Fitch also notes that transfers out of the system are high, averaging 12% over the past five fiscal years. Transfers out of the system combined with limited surplus cash from operations after payment of operating and debt service costs have left a minimal amount of free cash available to cover depreciation (free cash to depreciation at 24% in fiscal 2012).
Liquidity levels improved modestly for the year increasing to 187 days cash on hand (DCOH) in fiscal 2012 but are estimated to come in at a lower 172 DCOH for fiscal 2013 (unaudited). Given capital needs are anticipated to be predominantly debt-funded, cash balances are expected to remain at similar levels, or within historical norms, over the forecast period.
Rates have increased consistently since 2009 to provide additional revenue to support increasing operating and debt service costs. The monthly bill at $73.65 (assuming usage of 7,500 gallons per month for water and 6,000 gallons per month for sewer) is the highest in the Dallas/Fort Worth Metroplex and currently registers at around 1.7% of MHI, still falling under Fitch's 2% of MHI affordability threshold. Forecasts provided by management indicate continued rate increases ranging from 6% to 10% annually for water and around 3% annually for wastewater from fiscal 2015 to 2018. Additional increases to keep pace with higher wholesaler costs and debt service could reduce affordability over the medium-to-long term.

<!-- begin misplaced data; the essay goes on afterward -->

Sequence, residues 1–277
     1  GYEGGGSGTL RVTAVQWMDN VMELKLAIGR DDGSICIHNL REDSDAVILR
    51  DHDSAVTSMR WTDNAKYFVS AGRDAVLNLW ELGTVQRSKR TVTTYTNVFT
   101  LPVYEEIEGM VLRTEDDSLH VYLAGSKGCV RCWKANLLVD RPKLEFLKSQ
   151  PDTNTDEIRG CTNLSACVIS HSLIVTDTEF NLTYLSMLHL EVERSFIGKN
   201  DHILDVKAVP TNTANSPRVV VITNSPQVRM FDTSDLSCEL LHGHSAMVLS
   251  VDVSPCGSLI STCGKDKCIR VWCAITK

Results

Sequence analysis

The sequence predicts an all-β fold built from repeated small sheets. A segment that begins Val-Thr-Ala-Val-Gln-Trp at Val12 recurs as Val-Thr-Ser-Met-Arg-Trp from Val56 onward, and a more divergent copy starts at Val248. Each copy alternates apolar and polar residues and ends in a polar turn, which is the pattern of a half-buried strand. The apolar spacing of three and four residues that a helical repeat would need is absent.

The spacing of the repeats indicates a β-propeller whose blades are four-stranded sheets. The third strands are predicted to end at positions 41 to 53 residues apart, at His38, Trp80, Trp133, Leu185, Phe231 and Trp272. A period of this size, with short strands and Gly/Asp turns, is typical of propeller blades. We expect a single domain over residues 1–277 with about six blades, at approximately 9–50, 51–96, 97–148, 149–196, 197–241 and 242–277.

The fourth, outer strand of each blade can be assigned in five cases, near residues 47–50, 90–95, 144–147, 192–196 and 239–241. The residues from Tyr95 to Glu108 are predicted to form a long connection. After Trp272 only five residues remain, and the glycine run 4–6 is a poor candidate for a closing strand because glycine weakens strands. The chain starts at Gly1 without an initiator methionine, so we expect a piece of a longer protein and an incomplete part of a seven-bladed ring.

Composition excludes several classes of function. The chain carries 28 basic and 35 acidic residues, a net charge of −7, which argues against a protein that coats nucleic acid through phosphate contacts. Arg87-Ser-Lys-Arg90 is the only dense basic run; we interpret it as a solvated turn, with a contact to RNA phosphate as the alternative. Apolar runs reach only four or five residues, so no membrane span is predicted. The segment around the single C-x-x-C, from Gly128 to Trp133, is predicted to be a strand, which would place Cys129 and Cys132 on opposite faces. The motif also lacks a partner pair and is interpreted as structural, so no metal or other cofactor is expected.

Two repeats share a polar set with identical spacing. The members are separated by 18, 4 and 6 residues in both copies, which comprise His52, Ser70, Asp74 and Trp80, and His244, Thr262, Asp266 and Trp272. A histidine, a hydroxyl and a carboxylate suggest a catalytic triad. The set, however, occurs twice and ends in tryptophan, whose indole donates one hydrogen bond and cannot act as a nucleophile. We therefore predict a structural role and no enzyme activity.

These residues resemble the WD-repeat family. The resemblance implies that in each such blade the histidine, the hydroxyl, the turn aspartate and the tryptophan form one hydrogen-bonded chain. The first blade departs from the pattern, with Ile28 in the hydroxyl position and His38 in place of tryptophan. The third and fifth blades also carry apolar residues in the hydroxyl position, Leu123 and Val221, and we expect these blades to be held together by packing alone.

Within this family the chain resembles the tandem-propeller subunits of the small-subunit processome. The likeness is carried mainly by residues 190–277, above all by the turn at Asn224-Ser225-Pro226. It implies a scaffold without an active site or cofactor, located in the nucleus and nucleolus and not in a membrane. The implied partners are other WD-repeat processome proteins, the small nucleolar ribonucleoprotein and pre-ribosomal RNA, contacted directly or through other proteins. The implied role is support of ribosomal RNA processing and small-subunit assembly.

GROWING DEBT BURDEN
The system's capital improvement plan (CIP) for fiscal years 2014 - 2018 totals $169 million, which is up by 24% from the prior five-year plan. The CIP is expected to be financed exclusively from debt. Approximately 65% of the CIP addresses sewer system improvements that will ensure compliance with new and enhanced regulatory and operational standards while the remaining 35% is for water system improvements.
Direct system debt levels are above-average. For audited fiscal 2012 debt to plant was 62% while debt per capita was $1,070, both above the 'AA' category medians. Including NTMWD obligations supported by the system, system debt levels increase by approximately 55% and are well-above category 'AA' rating median levels. Given plans to entirely debt-finance the system capital plan, debt levels are expected to increase with debt per capita estimated at around $1,256 in five years.
MATURE, STABLE ECONOMIC BASE
Garland benefits from its location within the Dallas-Fort Worth metropolitan area. Manufacturing and distribution remain the city's primary economic engines, and the city's industrial market reportedly is the second largest in the Dallas-Fort Worth metroplex. The city's unemployment rate, measured at 5.9% in December 2013, is slightly higher than the state (5.6%) and metropolitan statistical area (5.4%) but remains better than the national (6.5%) average. Local wealth levels within the city, as measured by per capita buying income and median household income, are slightly higher than state but are on par with national averages.
Additional information is available at 'www.fitchratings.com'.
In addition to the sources of information identified in Fitch's U.S. Municipal Revenue-Supported Rating Criteria, this action was additionally informed by information from Creditscope and the Municipal Advisory Council of Texas.
Applicable Criteria and Related Research:
--'Revenue-Supported Rating Criteria' (June 3, 2013);
--'U.S. Water and Sewer Revenue Bond Rating Criteria' (July 31, 2013);
--'2014 Water and Sewer Medians' (Dec. 12, 2012);
--'2014 Outlook: Water and Sewer Sector' (Dec. 12, 2013).
Applicable Criteria and Related Research:
Revenue-Supported Rating Criteria
U.S. Water and Sewer Revenue Bond Rating Criteria
2014 Water and Sewer Medians
2014 Outlook: Water and Sewer Sector